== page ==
One of the complaints being leveled at the new Kindle Fire 7 in early reviews is that, as Engadget for one says, “at 313 g (11 ounces), the Fire is heavier than it looks like it ought to be, even weighing a hair more than Amazon’s new 8-inch Fire HD slate.” Compare that to the weight of my similar-sized Lenovo A7-10 tablet, at 269 g (9.49 oz). But is the new Kindle Fire really so heavy? And how much difference does weight make in an e-reader anyway?
I’m moved to write this, because my Kindle Fire just doesn’t feel heavy. I know this is a personal issue, but partly it’s down to design. The Kindle Fire is shaped to fit neatly in your hand, with its beveled back. So even though it’s heavier, and wider, I’m tempted to stick the Kindle Fire in my jacket pocket rather than my Lenovo A7-10, and take it out on the streets.
So far, Amazon’s lightest device ever is the Kindle 4, at 170 g (5.99 oz). The Kindle Voyage weighs in at 180 g (6.34 oz). And remember, incidentally, that the original Kindle 2 weighed in at 290 g (10.22 oz), outweighing the new Kindle Fire. As it happens, I have an aging Kindle 4 whose battery life is now measured in seconds. It’s exactly the same width as the new Kindle Fire, and of course, much lighter. But the Kindle Fire doesn’t feel like a stretch in the hand: the Kindle 4 does. Maybe it’s down to width plus depth, but that’s how it feels.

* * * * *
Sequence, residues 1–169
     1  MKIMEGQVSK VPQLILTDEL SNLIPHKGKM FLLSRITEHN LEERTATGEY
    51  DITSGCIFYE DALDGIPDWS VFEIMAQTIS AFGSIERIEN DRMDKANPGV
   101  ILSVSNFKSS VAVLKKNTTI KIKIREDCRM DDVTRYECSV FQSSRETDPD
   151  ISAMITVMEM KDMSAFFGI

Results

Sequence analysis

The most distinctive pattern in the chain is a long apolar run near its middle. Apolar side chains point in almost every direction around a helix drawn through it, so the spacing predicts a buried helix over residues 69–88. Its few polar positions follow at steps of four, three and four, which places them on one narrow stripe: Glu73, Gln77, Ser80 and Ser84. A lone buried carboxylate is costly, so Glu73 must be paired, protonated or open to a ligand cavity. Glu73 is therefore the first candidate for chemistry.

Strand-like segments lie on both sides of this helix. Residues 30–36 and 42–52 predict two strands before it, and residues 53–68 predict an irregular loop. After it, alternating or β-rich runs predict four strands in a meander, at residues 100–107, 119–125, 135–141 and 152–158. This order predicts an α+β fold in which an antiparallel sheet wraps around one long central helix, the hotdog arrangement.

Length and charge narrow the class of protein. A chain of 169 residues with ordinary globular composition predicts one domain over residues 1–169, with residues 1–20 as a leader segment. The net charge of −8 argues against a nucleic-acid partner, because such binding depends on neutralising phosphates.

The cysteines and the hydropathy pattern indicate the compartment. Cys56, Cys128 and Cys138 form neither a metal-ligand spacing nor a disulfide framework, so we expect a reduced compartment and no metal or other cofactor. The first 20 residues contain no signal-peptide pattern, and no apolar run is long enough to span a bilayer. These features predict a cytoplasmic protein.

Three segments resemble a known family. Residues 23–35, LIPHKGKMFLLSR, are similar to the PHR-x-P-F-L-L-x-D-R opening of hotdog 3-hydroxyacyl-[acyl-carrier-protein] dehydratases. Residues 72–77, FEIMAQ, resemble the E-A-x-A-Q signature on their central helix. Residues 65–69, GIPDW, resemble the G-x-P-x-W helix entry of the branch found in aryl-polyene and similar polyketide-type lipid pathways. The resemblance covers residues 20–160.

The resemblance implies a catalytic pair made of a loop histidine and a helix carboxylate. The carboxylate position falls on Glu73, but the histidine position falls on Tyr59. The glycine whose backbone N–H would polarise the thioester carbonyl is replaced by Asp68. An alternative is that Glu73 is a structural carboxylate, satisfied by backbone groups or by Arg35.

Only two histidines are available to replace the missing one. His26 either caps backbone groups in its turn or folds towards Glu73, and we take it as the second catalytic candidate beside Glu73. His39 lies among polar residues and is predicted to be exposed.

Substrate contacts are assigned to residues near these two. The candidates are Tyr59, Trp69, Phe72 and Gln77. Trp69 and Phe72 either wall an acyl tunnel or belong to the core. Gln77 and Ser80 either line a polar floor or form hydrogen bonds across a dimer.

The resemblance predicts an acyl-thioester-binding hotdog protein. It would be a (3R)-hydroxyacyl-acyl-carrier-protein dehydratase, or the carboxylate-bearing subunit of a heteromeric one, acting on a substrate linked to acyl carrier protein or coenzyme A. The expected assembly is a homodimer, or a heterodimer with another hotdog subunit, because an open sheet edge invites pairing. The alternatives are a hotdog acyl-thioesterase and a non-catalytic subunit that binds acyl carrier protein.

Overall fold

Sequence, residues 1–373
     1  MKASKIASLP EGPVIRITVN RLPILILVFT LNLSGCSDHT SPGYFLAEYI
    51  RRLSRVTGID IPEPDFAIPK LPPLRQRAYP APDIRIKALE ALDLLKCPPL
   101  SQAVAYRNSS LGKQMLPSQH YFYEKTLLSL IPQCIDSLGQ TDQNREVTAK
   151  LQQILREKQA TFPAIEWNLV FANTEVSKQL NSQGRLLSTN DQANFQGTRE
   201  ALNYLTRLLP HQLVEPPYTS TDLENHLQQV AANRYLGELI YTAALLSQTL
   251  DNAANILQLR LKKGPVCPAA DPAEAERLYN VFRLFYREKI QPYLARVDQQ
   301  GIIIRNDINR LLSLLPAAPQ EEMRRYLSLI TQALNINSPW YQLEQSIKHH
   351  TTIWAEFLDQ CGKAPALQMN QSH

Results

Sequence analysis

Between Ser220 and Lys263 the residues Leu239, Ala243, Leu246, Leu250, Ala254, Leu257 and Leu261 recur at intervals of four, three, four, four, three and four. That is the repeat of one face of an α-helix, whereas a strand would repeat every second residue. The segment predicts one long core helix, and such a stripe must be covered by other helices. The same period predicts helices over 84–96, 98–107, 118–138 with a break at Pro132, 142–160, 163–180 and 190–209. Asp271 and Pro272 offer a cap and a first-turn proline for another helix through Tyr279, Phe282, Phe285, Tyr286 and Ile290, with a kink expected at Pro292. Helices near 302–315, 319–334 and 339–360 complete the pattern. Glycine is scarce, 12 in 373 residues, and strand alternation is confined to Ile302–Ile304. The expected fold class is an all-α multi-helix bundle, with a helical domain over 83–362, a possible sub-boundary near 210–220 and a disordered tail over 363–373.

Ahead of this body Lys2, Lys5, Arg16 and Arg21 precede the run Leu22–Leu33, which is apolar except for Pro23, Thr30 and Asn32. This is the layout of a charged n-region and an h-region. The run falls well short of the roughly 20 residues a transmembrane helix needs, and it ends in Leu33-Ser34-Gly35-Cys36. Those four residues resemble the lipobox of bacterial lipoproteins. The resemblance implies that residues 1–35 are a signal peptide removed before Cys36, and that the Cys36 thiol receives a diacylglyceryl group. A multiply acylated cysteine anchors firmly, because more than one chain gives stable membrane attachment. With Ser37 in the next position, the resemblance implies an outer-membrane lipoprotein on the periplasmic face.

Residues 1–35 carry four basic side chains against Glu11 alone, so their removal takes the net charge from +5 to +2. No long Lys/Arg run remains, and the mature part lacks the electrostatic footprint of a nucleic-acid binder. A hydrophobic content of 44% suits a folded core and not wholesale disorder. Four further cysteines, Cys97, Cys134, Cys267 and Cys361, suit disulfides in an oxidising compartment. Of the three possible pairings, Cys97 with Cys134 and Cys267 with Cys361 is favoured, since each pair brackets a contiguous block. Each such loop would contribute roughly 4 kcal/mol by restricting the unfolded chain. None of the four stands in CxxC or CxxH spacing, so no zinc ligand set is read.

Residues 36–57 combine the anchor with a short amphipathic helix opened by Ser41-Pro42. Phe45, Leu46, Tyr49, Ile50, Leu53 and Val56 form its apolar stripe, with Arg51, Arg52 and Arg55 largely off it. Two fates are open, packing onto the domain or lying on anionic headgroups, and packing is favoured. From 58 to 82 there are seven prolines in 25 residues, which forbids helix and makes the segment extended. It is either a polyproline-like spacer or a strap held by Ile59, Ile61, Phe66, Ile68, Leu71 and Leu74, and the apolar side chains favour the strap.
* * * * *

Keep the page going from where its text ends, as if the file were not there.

How about the competition? The Voyage already scored plaudits for lightness. For those who really like it light, the Pocketbook Mini is just 131 g (4.7 oz), while the Kobo Mini, billed as “the lightest, smallest full-featured eReader on the market,” is just a shade heavier at 134 g (4.73 oz).
So how do all of these weights compare to plain old printed paper? According to the “Average Postal Weights for Shipping” blog, the lightest mass-market small paperback weighs in at 255 g (9 oz). Larger paperbacks tip the scales at around 425 g (15 oz), according to Ask.com; and from there, of course, with hardbacks and textbooks, it’s just up and up. Comfort and convenience is of course a personal thing, but if we’re going by actual weights alone, e-readers and tablets won out against paper a long time ago.